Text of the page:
What is Foresight?
Foresight is simply the act of looking to and thinking about the future. This activity can be amateur or professional, trained or untrained. As we’ll see, foresight is a critical activity we all need to get better at, in order to make a better world.
Do you care about the future? Do you want to get better at anticipating, creating, and managing it for yourself, your family, your teams, your organizations, your society, and your planet? If so, congratulations. You are an explorer, and you’ve found one good treasure map that can help you go further in your quest. This guide will give you a big picture overview of the modern challenges, opportunities, communities, careers, models, skills, methods, leaders, and resources of professional foresight. It will strive to show you why foresight is more important and helpful today than ever before, and to motivate you develop and use foresight to build a far better world for yourself and others.
Professional foresight is traditionally practiced in four domains: universal foresight, which includes science, complexity studies, and our models for universal change, personal foresight, improving our individual, relationship, and family navigation of the future, global foresight, improving our societies, and organizational foresight, improving our teams, companies, and institutions. The first domain is often overlooked by those thinking about the future in lay terms. But having a Big Picture, universal perspective on change has become so important in recent decades that Chapters 2 and 3 begin with this perspective. They introduce two universal change models, exponential foresight and evo devo foresight, that I believe have become necessary to understanding the larger context and longer-term future of human society.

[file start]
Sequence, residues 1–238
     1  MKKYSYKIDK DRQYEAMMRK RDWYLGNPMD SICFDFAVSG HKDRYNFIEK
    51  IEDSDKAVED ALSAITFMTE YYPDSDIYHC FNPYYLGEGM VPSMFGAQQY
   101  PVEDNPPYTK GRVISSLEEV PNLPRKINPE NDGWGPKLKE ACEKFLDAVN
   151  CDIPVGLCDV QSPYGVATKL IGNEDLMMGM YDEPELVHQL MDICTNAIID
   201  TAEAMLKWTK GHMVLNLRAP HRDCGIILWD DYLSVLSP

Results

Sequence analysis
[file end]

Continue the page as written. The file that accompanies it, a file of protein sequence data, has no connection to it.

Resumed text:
Being a foresight practitioner today requires a little courage and some dancing in the dark. Our field is still emerging and poorly grounded, and foresight itself is not one single profession. Across all of its domains it is instead an expanding and not always well-defined set of professions, ways of thinking, and practices that help communities, organizations and individuals to better anticipate, create and manage change. Yet our field also has a very bright future ahead, as we will see.